But maybe instead you’re a different boy. Not a boy, a bro. A tall, white male with a face not worth considering. Maybe blonde, though not memorably. Maybe wealthy, though not overtly. Totally unfamiliar to me. Not a friend. Maybe you see me hanging with my friend another night at another party. Find me willing to sit and chat. Friendly, if a little wary. But compliant. Willing to take a sip or two of something. No big deal. Maybe you seize on the idea of friendship as an open-ended opportunity. So when those few sips turn me a little more reflective, a little more compliant, you stay a little closer to my side, just like a friend. My friend who watches, a little wary. You notice and perform safe companionship. You ask if I need anything and then send my friend alone to the bodega to grab some chips and soda and you walk me back to my dorm room. Seeing the opportunity, you stage something that feels like safety. That feels like gentle. But you know better. You use the full weight of your being to keep me down, silent but not compliant. Withdrawn but not consenting. You knew you’d be quick. Quicker than it takes to walk to Sullivan and Third to pay for cheap snacks. So by the time my friend gets back you’re done and heading out the door. Safe company has come and so you retreat, knowing your wrong.

You go on with your college career. Maybe you never touch anyone else like that again. Maybe withdrawing safety from one girl was enough and you learned a lesson. You maybe went on to a satisfying career as, say, an oceanographer. Successful and privileged and shielded from reprimands about past behavior. Under the radar.

If you’re my friend, you don’t go back to your room and go about your evening. You find a blanket and crash on my floor, where you’ll camp out for at least two weeks until I finally tell you, “okay, enough, you have to go sleep in your bed now, okay? I’m okay. It’s okay. It wasn’t your fault.” So you go. And we go on.

If you’re the other boy, the predator, the “Kavanaugh,” you may not remember this. If reminded, you might say, “boys will be boys.” You might say, “I would never do that.” You might say, “she must be mistaken.” But you are wrong and there is no more maybe to this. This is the time and “maybe” is done. But for the fact that you raped me, I would never have remembered you because you are not worthy of the mental space you take up in my memory. But because you did, because you raped me, you are etched in memory. Your act of violence is etched in memory. Boys will be boys but not all boys will be rapists and there is no maybe in your violation of my being, my body and my safety. But for the fact that you raped me, I would never have remembered your name. I wouldn’t even have an idea of you in my mind. Because no maybe about it, You Ain’t Shit. But because you raped me, that moment lives within me and I can’t forget.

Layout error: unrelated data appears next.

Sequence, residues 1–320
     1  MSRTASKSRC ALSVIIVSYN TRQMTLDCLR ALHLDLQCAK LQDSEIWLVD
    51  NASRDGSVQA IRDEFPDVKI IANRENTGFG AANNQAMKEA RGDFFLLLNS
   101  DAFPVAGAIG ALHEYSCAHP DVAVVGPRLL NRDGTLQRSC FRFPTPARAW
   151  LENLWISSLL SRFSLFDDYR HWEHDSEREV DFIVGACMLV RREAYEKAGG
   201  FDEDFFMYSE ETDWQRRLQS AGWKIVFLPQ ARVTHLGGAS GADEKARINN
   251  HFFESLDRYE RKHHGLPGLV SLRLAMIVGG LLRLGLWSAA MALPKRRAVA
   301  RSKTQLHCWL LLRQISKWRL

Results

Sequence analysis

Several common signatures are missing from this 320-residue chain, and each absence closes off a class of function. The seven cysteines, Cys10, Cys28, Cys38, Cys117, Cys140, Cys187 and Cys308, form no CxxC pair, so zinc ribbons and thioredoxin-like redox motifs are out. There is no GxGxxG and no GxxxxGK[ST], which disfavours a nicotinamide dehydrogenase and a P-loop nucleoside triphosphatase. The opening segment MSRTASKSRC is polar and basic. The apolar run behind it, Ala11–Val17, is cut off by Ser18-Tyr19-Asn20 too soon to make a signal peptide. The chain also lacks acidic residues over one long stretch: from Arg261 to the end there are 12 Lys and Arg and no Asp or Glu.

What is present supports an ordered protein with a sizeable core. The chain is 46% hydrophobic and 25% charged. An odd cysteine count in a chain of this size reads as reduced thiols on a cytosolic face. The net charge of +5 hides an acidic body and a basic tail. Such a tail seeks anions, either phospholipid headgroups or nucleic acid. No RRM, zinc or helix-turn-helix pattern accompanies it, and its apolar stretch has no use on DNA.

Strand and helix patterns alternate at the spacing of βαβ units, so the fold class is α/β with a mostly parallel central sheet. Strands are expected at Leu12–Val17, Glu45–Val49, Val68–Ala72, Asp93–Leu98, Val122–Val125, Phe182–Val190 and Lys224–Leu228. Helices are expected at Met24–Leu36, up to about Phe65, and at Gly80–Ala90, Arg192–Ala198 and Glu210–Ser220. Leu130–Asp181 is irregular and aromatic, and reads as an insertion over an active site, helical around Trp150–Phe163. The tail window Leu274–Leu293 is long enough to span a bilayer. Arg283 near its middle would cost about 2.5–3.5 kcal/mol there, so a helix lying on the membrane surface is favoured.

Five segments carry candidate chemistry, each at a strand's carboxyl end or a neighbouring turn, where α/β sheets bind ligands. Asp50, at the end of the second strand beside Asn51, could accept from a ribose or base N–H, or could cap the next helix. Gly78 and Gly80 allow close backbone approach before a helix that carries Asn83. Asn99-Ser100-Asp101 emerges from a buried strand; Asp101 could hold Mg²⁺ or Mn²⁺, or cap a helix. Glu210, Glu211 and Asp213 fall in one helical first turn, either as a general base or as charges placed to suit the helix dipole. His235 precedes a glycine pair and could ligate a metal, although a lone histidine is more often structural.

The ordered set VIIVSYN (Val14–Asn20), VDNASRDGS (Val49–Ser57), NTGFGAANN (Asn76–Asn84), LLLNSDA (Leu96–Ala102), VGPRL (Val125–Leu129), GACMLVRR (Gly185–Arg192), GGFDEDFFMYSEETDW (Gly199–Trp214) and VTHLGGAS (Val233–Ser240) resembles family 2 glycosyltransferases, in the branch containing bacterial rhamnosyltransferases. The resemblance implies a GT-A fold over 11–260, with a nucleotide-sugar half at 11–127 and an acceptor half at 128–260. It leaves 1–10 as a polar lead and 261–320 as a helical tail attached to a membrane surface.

Men like you think you’re memorable for all the wrong reasons. Think you’re worth destroying because you’re important. Because you’re desirable. Enviable. Notable. You are remembered not because you, you nobody, became a pillar of society, an honorable sir. You are memorable for raping. Were it not for you being a rapist, a predator, a low-life, you would be no one and no one would bother to remember your name. You are not worth the memory.

But you Feddersens and Andersons and Kavanaughs, you are etched in memory. We are not mistaken. We have not misremembered. The details are not the act. How many sips and where exactly we were and what the weather was like and what exactly was said; those details have no consequence. But the holding down and forcing in is memorable and we will not forget. No matter how long. 38 years and 38 hours are all the same in the memories you embedded in our brains. You are not worth the memory, but still, I will never forget because even though you are nothing, you changed everything for me.